It happened. Out of the blue. (People always say that, but it’s a cliché for a reason) In just a few words, and my happy mommy train was knocked off the track:
“I’m I going to be happy with this money after I count it?”
This simple sentence, uttered by my nanny, imploded our system of supply and demand. What she was supplying, I wasn’t buying anymore. Namely, her services.
All over the amount of her Christmas bonus. A bonus. A gift. Not a given.
As a writer I take words more seriously than civilians. So, when my nanny made that simple statement, there was no going back; her greed, her ingratitude, now exploded into the Holmes Family universe.
So, from the last of December when I informed her that “ I wouldn’t be needing her services in the New Year,” and the search for a new babysitter began, lasting until the third week in January, thanks to an assist from my Mom who came from Michigan to help care for Julia, with my sister in law in the wings, while I worked and interviewed new child care workers on the side, I thought of the gift my former nanny had given me.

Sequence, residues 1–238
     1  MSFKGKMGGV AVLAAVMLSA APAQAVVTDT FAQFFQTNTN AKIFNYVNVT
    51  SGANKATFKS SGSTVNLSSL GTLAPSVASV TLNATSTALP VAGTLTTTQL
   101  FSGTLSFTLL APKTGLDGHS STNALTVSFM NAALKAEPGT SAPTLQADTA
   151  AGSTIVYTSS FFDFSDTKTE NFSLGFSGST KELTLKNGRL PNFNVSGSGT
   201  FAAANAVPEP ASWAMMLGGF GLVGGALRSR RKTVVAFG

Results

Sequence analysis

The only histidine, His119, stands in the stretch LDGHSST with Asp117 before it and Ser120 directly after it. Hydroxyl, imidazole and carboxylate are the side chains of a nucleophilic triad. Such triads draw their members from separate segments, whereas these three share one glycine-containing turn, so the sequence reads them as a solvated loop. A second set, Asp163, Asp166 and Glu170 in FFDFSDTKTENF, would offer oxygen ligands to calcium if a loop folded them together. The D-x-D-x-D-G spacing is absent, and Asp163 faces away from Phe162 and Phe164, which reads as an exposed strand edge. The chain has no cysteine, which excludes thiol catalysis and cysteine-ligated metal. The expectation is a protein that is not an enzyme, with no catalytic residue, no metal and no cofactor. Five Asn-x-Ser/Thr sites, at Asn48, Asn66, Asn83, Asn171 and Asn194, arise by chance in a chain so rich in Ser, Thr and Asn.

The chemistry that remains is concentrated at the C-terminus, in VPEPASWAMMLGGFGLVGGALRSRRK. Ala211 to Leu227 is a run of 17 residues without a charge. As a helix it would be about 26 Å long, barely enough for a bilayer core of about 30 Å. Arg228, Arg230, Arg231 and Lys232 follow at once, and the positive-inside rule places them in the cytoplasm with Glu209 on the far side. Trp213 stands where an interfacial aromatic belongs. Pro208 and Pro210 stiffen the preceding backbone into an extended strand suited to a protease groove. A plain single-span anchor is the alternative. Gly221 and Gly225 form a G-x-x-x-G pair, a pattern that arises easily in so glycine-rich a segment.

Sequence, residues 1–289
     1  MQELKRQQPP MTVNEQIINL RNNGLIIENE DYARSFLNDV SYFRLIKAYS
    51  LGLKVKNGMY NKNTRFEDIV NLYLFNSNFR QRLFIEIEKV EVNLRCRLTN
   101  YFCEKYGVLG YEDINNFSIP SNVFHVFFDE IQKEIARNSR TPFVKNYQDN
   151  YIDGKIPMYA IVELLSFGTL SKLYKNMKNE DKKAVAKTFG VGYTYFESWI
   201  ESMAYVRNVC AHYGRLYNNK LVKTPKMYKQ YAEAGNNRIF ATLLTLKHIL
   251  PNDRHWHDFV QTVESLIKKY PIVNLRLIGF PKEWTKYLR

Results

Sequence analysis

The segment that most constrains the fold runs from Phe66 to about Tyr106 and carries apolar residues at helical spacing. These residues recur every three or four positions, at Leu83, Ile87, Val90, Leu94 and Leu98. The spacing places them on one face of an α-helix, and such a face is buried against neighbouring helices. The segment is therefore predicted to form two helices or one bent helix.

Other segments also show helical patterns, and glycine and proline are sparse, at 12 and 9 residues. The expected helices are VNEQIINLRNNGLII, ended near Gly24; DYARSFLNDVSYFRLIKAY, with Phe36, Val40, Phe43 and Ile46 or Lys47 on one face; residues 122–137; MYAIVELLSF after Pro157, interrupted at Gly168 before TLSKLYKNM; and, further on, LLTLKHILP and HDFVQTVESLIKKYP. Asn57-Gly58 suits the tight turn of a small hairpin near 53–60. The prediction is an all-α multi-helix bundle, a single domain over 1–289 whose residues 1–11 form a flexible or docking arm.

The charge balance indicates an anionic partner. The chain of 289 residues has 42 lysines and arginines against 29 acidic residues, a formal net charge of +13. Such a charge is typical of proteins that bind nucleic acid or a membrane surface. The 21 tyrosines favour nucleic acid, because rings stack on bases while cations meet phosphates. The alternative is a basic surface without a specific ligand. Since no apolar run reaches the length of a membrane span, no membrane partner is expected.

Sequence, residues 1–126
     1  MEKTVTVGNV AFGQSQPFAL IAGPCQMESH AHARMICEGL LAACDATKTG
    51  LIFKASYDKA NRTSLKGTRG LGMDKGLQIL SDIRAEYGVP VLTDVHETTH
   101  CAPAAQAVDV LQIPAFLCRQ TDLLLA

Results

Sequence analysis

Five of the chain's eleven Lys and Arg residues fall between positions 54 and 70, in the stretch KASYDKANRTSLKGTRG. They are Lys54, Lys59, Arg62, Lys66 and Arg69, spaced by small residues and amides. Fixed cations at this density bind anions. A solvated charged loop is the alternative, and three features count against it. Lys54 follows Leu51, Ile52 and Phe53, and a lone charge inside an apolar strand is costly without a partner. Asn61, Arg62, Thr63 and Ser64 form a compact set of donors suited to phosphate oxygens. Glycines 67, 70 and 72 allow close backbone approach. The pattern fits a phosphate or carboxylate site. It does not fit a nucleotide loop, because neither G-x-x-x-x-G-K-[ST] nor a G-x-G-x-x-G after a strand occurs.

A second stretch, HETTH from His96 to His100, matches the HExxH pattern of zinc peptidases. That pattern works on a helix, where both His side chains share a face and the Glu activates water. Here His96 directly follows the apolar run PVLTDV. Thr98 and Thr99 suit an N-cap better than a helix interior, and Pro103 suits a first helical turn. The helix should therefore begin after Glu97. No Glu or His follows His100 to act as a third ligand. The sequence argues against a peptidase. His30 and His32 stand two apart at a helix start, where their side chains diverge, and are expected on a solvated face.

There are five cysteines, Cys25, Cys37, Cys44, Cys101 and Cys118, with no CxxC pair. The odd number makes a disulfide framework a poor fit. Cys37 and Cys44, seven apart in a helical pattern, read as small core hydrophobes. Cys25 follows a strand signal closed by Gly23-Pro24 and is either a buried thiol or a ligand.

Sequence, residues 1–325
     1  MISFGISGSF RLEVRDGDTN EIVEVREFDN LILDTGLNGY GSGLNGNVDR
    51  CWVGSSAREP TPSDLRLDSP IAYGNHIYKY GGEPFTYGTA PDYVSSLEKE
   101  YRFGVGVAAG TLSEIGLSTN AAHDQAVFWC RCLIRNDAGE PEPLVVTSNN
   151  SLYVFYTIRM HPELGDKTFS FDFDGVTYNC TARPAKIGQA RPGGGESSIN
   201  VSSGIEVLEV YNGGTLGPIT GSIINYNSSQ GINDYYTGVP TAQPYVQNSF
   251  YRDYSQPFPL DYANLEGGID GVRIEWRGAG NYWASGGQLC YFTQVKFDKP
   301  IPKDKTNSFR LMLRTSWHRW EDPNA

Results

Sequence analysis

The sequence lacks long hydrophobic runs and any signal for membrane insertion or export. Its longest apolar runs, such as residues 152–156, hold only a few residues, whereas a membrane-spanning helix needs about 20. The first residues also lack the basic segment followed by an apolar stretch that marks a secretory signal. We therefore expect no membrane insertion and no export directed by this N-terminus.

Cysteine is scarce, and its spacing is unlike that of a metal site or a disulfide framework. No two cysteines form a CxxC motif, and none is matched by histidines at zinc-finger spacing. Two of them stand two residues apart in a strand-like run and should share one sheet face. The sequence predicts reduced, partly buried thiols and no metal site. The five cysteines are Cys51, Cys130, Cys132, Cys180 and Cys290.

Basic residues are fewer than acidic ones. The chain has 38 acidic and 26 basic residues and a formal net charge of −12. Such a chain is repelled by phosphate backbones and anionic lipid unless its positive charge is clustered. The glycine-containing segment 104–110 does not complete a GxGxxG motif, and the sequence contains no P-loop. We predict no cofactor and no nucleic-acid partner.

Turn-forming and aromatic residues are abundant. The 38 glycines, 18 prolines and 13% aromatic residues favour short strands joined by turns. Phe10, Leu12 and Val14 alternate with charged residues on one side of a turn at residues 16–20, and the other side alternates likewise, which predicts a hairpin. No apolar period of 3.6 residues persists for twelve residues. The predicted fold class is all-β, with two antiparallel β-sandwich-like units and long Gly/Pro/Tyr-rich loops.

For a long, long while I believed the goal in life was to get all my ducks—or sippy cups— in a row, with all the tops matching then everything would be ducky. Once Julia came home, I thought my Mallards looked marvelous. I’d hired a great nanny. My job was going well, grad school too. Things seemed to be going along swimmingly until that sentence was launched from her mouth, when she revealed her true self. And in that Big Bang, I understood, there’s no perfection. No time when the machine runs without a hitch. There’s always, a Big Bang, waiting to expand the universe, stretch it, pull it into a new definition of life.
Change is eternal in life, but especially in the Big Bang Theory of Life, and Nannies.
Childcare workers are people. And people, are complicated creatures, but an email reply from another mom from my Upper Westside Mom Yahoo Group put it best,” This is the person who’s giving your daughter examples to live by when you’re not around. Get rid of her.”
Life as a money-grubber is not on my example list for my daughter.